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Electromagnetic Induction


Electromagnetic Induction emf is induced in a conductor placed in a magnetic field whenever there is a change in magnetic field. – PowerPoint PPT presentation

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Title: Electromagnetic Induction

Electromagnetic Induction
  • emf is induced in a conductor placed in a
    magnetic field whenever there is a change in
    magnetic field.

Moving Conductor in a Magnetic Field
  • Consider a straight conductor moving with a
    uniform velocity, v, in a stationary magnetic
  • The free charges in the conductor experience a
    force which will push them to one end of the
  • An electric field is built up due to the electron
  • An e.m.f. is generated across the conductor such
  • E Blv.

Induced Current in Wire Loop
  • An induced current passes around the circuit when
    the rod is moved along the rail.
  • The induced current in the rod causes a force F
    IlB, which opposes the motion.
  • Work done by the applied force to keep the rod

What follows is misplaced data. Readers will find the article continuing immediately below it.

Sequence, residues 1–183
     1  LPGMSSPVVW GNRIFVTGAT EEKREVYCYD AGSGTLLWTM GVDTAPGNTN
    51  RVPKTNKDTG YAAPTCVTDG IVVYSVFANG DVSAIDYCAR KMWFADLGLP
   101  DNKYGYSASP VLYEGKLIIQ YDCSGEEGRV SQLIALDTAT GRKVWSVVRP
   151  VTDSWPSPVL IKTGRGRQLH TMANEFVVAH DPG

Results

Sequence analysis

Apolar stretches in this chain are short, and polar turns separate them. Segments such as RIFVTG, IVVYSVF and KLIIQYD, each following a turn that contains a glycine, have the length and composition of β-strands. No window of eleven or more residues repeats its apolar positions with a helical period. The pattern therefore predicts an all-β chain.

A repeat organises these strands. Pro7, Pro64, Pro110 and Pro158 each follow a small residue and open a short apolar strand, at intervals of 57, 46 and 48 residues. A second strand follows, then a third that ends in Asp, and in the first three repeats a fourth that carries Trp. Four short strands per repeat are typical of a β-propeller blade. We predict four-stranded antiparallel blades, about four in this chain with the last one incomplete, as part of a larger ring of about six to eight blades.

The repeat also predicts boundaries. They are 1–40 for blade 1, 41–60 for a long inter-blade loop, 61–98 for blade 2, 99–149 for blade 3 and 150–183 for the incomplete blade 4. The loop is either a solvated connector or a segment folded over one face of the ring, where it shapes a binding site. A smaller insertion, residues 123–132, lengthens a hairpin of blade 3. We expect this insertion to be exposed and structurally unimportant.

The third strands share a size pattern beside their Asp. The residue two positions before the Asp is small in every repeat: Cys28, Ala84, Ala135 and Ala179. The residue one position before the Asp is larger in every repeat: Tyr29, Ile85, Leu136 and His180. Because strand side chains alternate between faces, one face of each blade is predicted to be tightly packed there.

moving is
  • Electrical energy is produced from the work
    done such that

E E I?t W
?E Blv
Lenzs Law
  • The direction of the induced current is always so
    as to oppose the change which causes the current.

Magnetic Flux
  • The magnetic flux is a measure of the number of
    magnetic field lines linking a surface of
    cross-sectional area A.
  • The magnetic flux through a small surface is the
    product of the magnetic flux density normal to
    the surface and the area of the surface.

Unit weber (Wb)
Faradays Law of Electromagnetic Induction
  • The induced e.m.f. in a circuit is equal to the
    rate of change of magnetic flux linkage through
    the circuit.

The - sign indicates that the induced e.m.f.
acts to oppose the change.
Induced Currents Caused by Changes in Magnetic
  • The magnetic flux (number of field lines passing
    through the coil) changes as the magnet moves
    towards or away from the coil.

Faraday Disk Dynamo
Simple a.c. Generator
  • According to the Faradays law of electromagnetic

Simple d.c. Generator
Eddy Current
  • An eddy current is a swirling current set up in a
    conductor in response to a changing magnetic
  • Production of eddy currents in a rotating wheel

Applications of Eddy Current (1)
  • Metal Detector

Applications of Eddy Current (2)
  • Eddy current levitator
  • Smooth braking device
  • Damping of a vibrating system

Back emf in Motors
  • When an electric motor is running, its armature
    windings are cutting through the magnetic field
    of the stator. Thus the motor is acting also as a
  • According to Lenz's Law, the induced voltage in
    the armature will oppose the applied voltage in
    the stator.
  • This induced voltage is called back emf.

Back emf and Power
Multiplying by I, then